News, stories and reports from Forestry Commission Scotland and the National Forest Estate

Review of forestry planting approval procedures

Reducing the complexity, duration and cost of woodland creation applications is our aim following a review of the process by Jim Mackinnon CBE.  This will help boost our aim to increase woodland creation and meet the new goals laid out in the climate change plan.

new planting

A high level delivery plan was published in January 2017 which contains 21 recommendations. These have been grouped into work streams, each of which is intended to produce specific outputs to deliver benefits for the woodland creation process.  The work stream approach has been well-received, and provides a good mechanism for managing and communicating the actions being taken. In addition to the work streams, culture change is seen as an additional key priority.

claires picedited

A key part of the project is the Delivery Reference Group, set up to provide external input. It has met twice. The first meeting assessed and approved the work stream approach; raised the importance of culture change as an issue, and added ‘transparency’ to the three key principles of ‘trust, empowerment and proportionality’ which were included in the report. Of particular note is that whilst supporting the intended outcome of work stream three (approval processes), all members raised concerns about the accredited agent model, and felt that alternatives should be explored on a longer timeframe than proposed in the report.

At the second meeting, progress with initial deliverables were discussed; a more detailed action plan was shared, discussed and supported, and the issue of culture change (for FCS, the sector and stakeholders) was explored in more depth, to develop a shared understanding of positive and negative behaviours and cultures, which can be used to judge progress.

There has been clear progress on four of the six work streams – particularly in relation to EIA thresholds; agreements with statutory bodies; processing agreements and management information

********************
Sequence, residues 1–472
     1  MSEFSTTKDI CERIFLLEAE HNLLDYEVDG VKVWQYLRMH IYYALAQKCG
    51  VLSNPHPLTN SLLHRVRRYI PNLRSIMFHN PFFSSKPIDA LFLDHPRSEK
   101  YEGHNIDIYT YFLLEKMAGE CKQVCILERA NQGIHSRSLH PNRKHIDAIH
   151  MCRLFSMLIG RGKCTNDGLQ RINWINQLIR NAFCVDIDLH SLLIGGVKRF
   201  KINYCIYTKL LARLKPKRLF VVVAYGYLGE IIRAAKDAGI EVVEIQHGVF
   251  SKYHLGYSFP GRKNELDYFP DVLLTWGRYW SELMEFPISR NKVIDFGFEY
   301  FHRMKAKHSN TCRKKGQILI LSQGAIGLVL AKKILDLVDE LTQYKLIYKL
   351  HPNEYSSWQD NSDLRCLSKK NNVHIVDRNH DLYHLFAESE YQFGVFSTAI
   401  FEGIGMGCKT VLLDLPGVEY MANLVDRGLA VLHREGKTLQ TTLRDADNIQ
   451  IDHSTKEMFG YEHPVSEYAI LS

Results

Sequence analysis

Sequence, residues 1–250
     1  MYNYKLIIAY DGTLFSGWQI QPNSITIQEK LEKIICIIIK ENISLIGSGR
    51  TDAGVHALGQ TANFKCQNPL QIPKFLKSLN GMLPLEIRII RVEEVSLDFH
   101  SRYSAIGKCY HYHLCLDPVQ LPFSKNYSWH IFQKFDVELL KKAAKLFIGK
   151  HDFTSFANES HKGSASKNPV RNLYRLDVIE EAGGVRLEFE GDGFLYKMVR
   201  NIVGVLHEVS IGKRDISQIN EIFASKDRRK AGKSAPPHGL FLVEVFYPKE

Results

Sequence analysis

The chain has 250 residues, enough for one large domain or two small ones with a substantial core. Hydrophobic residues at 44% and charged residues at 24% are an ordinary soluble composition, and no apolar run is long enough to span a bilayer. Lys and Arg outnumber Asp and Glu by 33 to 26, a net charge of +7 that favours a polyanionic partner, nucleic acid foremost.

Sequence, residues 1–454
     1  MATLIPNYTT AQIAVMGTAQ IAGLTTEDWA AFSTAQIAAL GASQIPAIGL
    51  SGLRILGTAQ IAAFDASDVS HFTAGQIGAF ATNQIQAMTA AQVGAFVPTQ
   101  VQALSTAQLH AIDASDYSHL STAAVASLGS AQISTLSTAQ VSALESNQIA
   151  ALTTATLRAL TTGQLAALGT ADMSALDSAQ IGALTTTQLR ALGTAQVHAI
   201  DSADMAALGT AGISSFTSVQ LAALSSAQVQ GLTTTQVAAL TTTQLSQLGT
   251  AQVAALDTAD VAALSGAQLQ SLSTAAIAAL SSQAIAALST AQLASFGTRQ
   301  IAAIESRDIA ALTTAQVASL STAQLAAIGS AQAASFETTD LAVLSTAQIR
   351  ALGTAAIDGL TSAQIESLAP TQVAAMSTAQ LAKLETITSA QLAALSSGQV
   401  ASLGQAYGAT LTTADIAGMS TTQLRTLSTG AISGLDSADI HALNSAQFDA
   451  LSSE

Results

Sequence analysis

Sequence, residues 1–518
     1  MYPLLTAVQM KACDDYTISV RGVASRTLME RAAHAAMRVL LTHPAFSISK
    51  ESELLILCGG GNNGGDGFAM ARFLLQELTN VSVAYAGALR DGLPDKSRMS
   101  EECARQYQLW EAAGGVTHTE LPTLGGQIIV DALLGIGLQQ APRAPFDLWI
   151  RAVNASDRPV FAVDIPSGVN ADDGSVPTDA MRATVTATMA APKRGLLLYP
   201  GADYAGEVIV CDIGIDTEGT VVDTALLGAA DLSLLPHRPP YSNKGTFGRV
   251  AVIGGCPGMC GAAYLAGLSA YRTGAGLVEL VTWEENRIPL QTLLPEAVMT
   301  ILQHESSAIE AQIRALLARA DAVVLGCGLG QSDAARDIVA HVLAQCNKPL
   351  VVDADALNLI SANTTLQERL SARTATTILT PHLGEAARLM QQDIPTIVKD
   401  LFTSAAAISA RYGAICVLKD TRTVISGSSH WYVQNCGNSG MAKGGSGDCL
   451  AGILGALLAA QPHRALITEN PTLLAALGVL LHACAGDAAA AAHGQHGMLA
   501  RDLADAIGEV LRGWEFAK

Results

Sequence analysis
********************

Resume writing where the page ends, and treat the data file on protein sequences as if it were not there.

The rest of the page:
Some key achievements to date include:

  • refining the delivery plan, and identifying critical priorities for action (particularly regarding staffing and IT) (all);
  • working with stakeholders to start developing better guidance and training for applicants on how to achieve positive pre-application discussions with stakeholders (w/s 1);
  • increasing the thresholds for EIA screening (implementation and training to follow) (w/s 2);
  • improving management information on approval times and pre-application schemes (w/s 4);
  • initial drafting of new processing agreement (w/s 1 and 2);
  • monthly publishing of data on submitted and approved schemes, and average approval times (w/s 4);
  • review of website and development of new hard-copy leaflets (w/s 5); and
  • a brief review of progress for the SRO is being commissioned from Jim Mackinnon. (all)

The delivery group has also asked that work stream three is progressed over a longer timeframe, and considers more options for earned recognition beyond the accredited agent approach suggested in the report. This is awaiting the identification of resource and a suitable lead.

We have also been carrying out other work in parallel which is directly relevant including:

  • organisational change – preparation for the anticipated transition from the Forestry Commission into a new Division of the Scottish Government.
  • new legislation – input into the process for developing new Scottish legislation which will underpin a substantial proportion of Conservancy work
  • discussions with large investors – work to explore a new approach involving public, private and community investment, focused on a specific geographic region
  • IT and systems  – crucial for delivering many the desired improvements.